NYC Museum To Display World’s Largest Amethyst Geode


By Mayukh Saha / Truth Theory

Get ready to see something beautiful this fall as the Allison Mignone Hall of Gems and Minerals is set to reopen. Located in the American Museum of Natural History, New York, this hall was closed for renovation since 2017. The museum is celebrating its 150th birthday this year and has a whole lot of unique displays. The aim of the museum is to capture the essence of Nature with all its splendor. The 11,000 square-feet exhibit will have interactive displays that unfold by touch, time-lapse imagery, and colorful animations. It is surely an art lover’s paradise.

What makes this museum stand out? Well, it isn’t displaying anything man-made and everything in it is a gift of nature. It traces not only the variety of minerals found in the lap of mother earth but tracks its uses from the beginning of the human civilization. The way man has used minerals for making jewelry or tools and currently, in technology is a fascinating evolution. There are approximately 4,500 different types of minerals on earth and this museum pays tribute to a fraction of it. The educational program includes an in-depth story about the specimen and modern technology will be used to make it more dynamic.

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The museum is going to display two of the largest amethyst geodes in the world. One is twelve feet tall quartz crystal and the other is around nine feet. Both the geodes are from Uruguay and the bigger one weighs more than 9,000 pounds. Amethyst is usually associated with strength, safety, and empowerment. It is said to have healing properties and its color varies from deep purple to almost transparent lavender.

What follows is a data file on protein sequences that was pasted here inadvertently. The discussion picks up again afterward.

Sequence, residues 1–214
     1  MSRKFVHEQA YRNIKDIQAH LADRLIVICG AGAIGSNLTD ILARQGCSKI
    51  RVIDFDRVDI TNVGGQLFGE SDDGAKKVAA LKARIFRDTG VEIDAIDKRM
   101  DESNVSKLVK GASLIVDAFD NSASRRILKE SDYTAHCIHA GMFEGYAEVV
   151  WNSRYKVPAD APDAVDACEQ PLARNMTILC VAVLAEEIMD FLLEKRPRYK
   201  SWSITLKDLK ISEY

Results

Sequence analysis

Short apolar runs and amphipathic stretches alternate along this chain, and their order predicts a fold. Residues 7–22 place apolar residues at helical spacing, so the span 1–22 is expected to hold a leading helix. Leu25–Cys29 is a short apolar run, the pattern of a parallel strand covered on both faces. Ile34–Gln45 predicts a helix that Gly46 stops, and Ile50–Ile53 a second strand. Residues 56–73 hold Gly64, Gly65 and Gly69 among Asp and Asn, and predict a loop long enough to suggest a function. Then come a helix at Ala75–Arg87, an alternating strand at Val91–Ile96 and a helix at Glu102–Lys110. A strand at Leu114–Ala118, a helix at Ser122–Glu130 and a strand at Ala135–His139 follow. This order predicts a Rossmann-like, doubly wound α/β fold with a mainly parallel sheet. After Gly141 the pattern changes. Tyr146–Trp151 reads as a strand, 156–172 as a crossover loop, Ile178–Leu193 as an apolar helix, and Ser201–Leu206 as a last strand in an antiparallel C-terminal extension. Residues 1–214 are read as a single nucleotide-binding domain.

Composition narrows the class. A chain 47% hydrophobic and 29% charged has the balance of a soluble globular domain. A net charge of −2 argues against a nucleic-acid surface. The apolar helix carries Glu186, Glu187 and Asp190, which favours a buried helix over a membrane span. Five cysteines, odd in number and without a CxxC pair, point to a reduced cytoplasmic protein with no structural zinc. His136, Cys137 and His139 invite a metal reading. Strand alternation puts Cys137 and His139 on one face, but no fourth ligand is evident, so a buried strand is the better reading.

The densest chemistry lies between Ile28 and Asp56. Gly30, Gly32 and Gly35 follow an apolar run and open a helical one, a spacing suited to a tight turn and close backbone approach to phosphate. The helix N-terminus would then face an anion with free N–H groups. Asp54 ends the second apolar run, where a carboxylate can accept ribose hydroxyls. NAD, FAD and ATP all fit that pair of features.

Two of the museum’s most prized possessions, the 632-carat Patricia emerald, and the 563-carat “Star of India” sapphire will be on display again. There will be a special case for the minerals of the city of New York. this includes the “subway garnet”, a nine-pound almandine garnet that was unearthed in Manhattan in 1885. The American Museum of Natural History has a spectacular collection of about 105,000 minerals and 5,000 gems.

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The museum will also showcase exquisite jewelry crafted by Tiffany, Bulgari, and Cartier in the “Beautiful Creatures” exhibit.

Featured image source: Courtesy Museum of Natural History

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